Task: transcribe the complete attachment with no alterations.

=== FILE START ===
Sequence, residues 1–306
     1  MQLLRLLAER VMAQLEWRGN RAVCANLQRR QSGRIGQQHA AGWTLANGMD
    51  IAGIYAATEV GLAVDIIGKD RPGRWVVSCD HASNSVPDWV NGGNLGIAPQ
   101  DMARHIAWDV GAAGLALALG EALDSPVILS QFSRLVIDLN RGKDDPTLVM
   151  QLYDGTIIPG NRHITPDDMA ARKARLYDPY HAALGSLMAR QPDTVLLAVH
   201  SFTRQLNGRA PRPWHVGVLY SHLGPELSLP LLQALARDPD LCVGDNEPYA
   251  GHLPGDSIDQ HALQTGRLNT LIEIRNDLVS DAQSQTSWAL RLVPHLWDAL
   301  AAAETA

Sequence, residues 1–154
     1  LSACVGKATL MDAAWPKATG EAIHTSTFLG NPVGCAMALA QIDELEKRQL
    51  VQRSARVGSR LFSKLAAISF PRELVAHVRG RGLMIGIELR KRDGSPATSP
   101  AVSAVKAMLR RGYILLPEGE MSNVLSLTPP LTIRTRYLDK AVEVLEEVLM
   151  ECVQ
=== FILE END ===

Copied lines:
Sequence, residues 1–306
     1  MQLLRLLAER VMAQLEWRGN RAVCANLQRR QSGRIGQQHA AGWTLANGMD
    51  IAGIYAATEV GLAVDIIGKD RPGRWVVSCD HASNSVPDWV NGGNLGIAPQ
   101  DMARHIAWDV GAAGLALALG EALDSPVILS QFSRLVIDLN RGKDDPTLVM
   151  QLYDGTIIPG NRHITPDDMA ARKARLYDPY HAALGSLMAR QPDTVLLAVH
   201  SFTRQLNGRA PRPWHVGVLY SHLGPELSLP LLQALARDPD LCVGDNEPYA
   251  GHLPGDSIDQ HALQTGRLNT LIEIRNDLVS DAQSQTSWAL RLVPHLWDAL
   301  AAAETA

Sequence, residues 1–154
     1  LSACVGKATL MDAAWPKATG EAIHTSTFLG NPVGCAMALA QIDELEKRQL
    51  VQRSARVGSR LFSKLAAISF PRELVAHVRG RGLMIGIELR KRDGSPATSP
   101  AVSAVKAMLR RGYILLPEGE MSNVLSLTPP LTIRTRYLDK AVEVLEEVLM
   151  ECVQ